A Local Housing Legacy?

eastern promise?

eastern promise?

Duty bound to justify the enormous expense and disruption in the East End for less than two weeks of TV spectacle, the Commonwealth Games promoters are keen to impress the importance of a Games ‘Legacy’. Much has been made of the fact that the Commonwealth Games Village, constructed as a ‘global showcase’ for athletes quarters, will later be ‘retro-fitted’ into a new riverside housing neighbourhood that will benefit the local population.

Glasgow City Council Leader, Stephen Purcell, has claimed that the Village will be one of “the greatest providers of opportunities” before and after 2014: “After the Games, the Village area will become a vibrant neighbourhood, a flagship for the regeneration of Glasgow’s East End and a visible reminder of the legacy of the Games”. Yet the hype, as ever, requires a reality check. Of the 1,500 houses, 1,200 will be for private sale, while only 300 (or 20%) will be for socially rented housing. The question of who exactly will benefit from the ‘Legacy’ is important. Will local people benefit – or will big business and the wealthy?

The City Council have chummily offered to subsidise the Village site for developers by making the land available at nil cost – this reduces the developers initial borrowing requirements, and increases their long-term potential for profit (at our expense, and our risk). The Council has made it clear that in the current economic climate it will be ‘open for business’, ever ready with ‘flexible’ arrangements to bail out large companies and multinationals as they ‘struggle’ to make a profit (just like the UK government with the banks). Meanwhile the poor are left to foot the bill, and asked to mend and make do.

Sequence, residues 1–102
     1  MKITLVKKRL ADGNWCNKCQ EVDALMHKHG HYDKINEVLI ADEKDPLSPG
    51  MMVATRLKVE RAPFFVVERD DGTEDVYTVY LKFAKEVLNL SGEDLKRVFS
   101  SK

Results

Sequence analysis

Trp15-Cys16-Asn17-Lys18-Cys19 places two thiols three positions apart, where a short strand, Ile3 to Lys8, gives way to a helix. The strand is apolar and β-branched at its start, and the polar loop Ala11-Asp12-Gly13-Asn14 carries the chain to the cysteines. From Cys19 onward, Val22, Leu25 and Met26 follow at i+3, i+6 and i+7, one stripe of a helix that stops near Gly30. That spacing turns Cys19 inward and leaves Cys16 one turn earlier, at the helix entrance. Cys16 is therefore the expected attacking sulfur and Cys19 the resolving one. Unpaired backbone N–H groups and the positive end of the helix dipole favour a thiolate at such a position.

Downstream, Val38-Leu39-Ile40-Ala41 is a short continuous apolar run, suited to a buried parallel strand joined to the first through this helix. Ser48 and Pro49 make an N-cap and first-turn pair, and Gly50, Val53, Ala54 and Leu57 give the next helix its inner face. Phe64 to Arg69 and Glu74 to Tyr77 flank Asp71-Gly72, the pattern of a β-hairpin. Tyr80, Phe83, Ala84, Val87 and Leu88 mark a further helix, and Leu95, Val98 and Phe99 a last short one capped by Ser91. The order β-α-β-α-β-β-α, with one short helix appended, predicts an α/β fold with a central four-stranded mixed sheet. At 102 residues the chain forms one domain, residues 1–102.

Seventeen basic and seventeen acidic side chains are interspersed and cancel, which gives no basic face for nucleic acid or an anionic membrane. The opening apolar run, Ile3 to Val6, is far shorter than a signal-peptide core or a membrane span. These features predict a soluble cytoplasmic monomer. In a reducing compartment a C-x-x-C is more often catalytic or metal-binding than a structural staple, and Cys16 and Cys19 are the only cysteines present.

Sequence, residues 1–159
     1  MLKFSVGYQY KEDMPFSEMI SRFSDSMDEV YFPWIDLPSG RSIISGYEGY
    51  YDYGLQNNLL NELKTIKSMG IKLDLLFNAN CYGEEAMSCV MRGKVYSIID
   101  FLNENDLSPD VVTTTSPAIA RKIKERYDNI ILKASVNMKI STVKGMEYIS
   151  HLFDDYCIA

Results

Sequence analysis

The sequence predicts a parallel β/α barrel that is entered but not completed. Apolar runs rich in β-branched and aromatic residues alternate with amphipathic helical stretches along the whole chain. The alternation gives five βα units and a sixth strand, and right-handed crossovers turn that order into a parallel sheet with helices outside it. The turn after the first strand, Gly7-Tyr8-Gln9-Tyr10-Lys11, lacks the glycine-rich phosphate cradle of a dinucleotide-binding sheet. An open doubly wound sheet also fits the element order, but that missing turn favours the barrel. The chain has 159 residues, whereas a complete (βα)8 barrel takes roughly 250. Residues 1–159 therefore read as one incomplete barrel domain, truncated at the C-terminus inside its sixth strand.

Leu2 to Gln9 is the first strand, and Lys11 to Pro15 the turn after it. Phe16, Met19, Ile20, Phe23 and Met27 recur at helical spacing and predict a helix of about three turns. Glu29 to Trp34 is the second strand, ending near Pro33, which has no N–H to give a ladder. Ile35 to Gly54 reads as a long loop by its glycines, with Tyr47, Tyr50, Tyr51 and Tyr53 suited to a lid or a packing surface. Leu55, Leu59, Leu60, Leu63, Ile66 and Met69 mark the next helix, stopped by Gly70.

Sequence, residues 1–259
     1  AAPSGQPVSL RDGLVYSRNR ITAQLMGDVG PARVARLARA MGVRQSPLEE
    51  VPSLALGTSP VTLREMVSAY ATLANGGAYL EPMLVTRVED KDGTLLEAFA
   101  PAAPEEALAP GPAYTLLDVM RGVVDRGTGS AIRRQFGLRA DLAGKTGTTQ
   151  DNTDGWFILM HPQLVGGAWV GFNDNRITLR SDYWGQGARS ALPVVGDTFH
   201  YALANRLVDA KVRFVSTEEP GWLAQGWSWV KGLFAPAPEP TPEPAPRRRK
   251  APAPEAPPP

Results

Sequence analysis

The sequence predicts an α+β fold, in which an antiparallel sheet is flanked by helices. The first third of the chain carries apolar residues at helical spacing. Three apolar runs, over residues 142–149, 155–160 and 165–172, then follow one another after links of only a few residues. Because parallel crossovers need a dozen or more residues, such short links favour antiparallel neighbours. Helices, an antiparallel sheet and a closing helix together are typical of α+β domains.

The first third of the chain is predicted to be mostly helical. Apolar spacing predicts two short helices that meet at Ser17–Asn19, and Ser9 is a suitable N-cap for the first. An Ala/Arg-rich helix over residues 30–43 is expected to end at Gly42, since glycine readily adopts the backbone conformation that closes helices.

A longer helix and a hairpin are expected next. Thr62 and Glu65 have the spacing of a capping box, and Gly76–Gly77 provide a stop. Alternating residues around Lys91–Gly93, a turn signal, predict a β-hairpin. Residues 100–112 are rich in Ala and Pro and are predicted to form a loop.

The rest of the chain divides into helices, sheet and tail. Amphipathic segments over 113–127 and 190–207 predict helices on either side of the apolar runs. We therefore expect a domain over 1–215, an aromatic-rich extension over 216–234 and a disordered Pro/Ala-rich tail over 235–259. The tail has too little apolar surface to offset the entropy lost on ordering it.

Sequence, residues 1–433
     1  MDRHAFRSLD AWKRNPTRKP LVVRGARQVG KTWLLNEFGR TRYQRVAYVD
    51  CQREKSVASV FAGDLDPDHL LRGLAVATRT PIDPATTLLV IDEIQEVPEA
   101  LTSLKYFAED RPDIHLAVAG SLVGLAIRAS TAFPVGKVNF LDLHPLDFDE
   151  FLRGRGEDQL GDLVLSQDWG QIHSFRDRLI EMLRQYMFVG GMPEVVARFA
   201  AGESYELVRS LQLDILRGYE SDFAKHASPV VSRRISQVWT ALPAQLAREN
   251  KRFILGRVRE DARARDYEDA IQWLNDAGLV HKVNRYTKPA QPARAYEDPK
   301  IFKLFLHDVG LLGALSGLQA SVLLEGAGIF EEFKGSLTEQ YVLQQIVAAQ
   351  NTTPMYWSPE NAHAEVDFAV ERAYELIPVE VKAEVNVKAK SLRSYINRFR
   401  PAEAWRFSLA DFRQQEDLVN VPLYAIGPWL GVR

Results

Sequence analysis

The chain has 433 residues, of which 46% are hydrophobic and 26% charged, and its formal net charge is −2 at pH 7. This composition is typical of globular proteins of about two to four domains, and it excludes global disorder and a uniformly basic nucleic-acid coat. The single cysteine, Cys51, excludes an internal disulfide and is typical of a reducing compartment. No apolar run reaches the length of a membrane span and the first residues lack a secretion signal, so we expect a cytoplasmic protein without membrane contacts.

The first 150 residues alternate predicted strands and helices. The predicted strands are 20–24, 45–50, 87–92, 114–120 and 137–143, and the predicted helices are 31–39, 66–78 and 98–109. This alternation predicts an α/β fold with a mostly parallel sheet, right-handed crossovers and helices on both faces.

While Glasgow City Council subsidises developers and homes for the wealthy in one of the most disadvantaged areas in Britain, it is deeply unlikely that the 50% of the local East End population which lives in socially rented housing will be able to afford to buy a home at the Village. Competition for the remaining rentable homes will be severe, and anyway the definition of ‘affordable’ social housing is an ongoing bad joke for housing campaigners. What’s more likely is that the ‘showcase’ homes will be targeted at some of the 20,000 people that the Clyde Gateway Intiative, with the help of Commonwealth Games hype, hopes to attract to the area over the next 25 years.

The truth is that good public housing has never been gifted to the people of Glasgow – it has always been fought for. If local people want to stake a claim on the alleged 10,000 new homes that the Clyde Gateway Initiative claims it will construct, then the time is now to build up existing and new tenants and residents networks that can fight for a quality housing deal.

Scottish Tenants Organisation